Singapore is home to myriad races and cultures, each with their own traditions, customs and practices. Festivals happen on a near-monthly basis, making our city a great place to expand one’s cultural horizons and gain insight into diverse beliefs. 

From Chinese New Year to Deepavali, here’s your guide to Singapore’s annual cultural celebrations.

Close-up of a lady admiring lanterns


One of the country’s major holidays, Chinese New Year marks the first day of the first month of the Chinese lunar calendar. The dates of Chinese New Year differ every year as they follow the lunar cycle, but generally fall between January and February. Chinese New Year practices include gathering family members for a reunion dinner and giving away ang bao (red packets containing money).

In honour of Chinese New Year, there’s the annual River Hongbao, a vibrant festival held at NS Square, the Marina Bay floating platform, that features enormous lanterns depicting the animals of the Chinese zodiac, along with a smorgasbord of activities like amusement rides and live performances.

There’s also the Chingay Parade, a grand display of the country’s multicultural heritage with visually stunning highlights like majestic floats and stilt walkers.

In January or February, there’s also the Hindu festival, Thaipusam. During this period, devotees gather to seek blessings and fulfil their vows in this amazing spectacle, which starts from Sri Srinivasa Perumal Temple on Serangoon Road and ends at Layan Sithi Vinayagar Temple on Keong Saik Road.

During this two-day festival, some of the devotees pierce their cheeks with metal prongs and carry decorated altars (known as "kavadi"), tethered to their bodies with hooks in a feat of religious devotion.

Dragon dance performance at Chingay Parade
A man participating in Thaipusam festival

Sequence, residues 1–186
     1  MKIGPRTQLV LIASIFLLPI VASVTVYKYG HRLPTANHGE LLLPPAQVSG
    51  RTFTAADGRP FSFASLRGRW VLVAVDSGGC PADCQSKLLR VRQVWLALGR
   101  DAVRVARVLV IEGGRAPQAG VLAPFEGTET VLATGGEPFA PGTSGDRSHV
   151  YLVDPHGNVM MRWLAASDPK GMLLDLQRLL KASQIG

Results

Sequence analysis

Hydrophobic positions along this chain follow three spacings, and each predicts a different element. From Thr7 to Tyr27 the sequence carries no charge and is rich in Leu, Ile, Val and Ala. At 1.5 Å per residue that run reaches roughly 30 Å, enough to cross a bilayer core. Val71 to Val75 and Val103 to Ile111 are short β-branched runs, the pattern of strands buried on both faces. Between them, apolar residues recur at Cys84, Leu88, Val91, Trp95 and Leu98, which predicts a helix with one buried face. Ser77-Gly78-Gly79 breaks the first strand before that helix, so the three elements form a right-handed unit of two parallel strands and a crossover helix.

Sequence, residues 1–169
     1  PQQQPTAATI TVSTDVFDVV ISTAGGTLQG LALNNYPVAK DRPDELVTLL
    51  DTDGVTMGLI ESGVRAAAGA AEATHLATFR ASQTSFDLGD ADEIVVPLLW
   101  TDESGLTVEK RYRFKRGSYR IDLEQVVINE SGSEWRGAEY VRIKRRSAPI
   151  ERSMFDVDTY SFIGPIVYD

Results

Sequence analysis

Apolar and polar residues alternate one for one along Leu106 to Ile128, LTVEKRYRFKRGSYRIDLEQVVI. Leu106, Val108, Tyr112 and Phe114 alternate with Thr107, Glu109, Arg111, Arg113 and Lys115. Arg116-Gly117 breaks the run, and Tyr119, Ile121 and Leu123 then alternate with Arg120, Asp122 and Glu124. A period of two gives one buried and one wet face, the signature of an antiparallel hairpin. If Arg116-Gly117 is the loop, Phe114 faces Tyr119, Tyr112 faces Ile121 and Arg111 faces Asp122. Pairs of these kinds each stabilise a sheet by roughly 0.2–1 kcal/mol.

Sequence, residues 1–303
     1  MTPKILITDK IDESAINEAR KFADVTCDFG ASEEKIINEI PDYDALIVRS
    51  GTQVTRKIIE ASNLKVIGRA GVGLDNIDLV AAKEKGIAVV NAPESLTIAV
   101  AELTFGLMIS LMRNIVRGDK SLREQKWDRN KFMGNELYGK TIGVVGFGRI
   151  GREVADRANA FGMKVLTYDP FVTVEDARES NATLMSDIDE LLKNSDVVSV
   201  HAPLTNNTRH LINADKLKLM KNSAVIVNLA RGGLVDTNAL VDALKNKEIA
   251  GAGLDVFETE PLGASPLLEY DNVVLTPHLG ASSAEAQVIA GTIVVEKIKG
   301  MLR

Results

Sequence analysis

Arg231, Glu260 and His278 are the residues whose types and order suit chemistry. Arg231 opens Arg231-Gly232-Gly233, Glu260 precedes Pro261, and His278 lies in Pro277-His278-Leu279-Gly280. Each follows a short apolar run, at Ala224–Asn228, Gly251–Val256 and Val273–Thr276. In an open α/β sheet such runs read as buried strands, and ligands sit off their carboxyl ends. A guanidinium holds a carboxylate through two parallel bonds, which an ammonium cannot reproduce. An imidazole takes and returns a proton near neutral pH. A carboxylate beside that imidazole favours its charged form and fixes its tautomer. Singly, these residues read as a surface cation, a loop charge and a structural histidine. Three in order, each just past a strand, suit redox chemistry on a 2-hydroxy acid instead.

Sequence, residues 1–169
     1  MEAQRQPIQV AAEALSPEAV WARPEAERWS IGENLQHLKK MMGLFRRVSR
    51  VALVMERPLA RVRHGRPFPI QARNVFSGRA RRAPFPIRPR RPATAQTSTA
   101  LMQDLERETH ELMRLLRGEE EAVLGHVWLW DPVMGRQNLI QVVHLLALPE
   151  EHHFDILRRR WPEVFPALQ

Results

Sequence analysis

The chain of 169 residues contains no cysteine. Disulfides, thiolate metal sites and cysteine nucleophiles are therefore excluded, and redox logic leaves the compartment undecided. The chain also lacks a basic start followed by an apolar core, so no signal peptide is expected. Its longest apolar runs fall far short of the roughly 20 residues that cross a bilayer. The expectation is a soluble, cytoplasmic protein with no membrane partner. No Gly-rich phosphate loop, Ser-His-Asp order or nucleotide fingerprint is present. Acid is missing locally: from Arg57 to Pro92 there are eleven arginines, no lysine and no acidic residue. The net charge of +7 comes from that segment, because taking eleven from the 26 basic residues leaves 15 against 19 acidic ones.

Held on the fifth day of the fifth month of the traditional Chinese lunar calendar, The Dragon Boat Festival dates back centuries, and is celebrated in the modern day with exciting dragonboat races and delicious rice dumplings.

To watch high-octane races, head to places like Bedok Reservoir, Kallang River and the Marina Bay area. For rice dumplings, Kim Choo Kueh Chang is a top pick amongst locals for this savoury treat.

Muslims observe a holy month known as Ramadan (held prior to Hari Raya Aidilfitri). During this period, Muslims in Singapore gather at the end of the day to break their fast at sundown. During this month, visit areas like Kampong Gelam and Geylang Serai for night markets that sell clothes and—best of all—special sweets and savouries.

Rice dumplings covered in bamboo leaves
A man selling Ramli burgers at the Geylang Bazaar


Occurring every September is the Chinese Mid-Autumn Festival, which traditionally marks the end of the Autumn harvest. When night falls, families gather in places like Chinatown and Chinese Garden to feast on mooncakes, a traditional pastry which comes in a variety of flavours. During this festival, children carry and parade their lanterns with their families and friends.

Around October and November, the Festival of Lights—commonly known as Deepavali—is celebrated by Hindus. This colourful extravaganza is best experienced in Little India, where the streets are lined with beautiful lights. There are tonnes of bazaars too, so get ready to shop, try authentic Indian fare and take amazing photos of the street light-ups.

Trays of mooncakes on display
Indian ladies posing for photos at the Deepavali light-up in Little India

With so many festivals to be part of and celebrations to witness, there’s always something to keep you intrigued.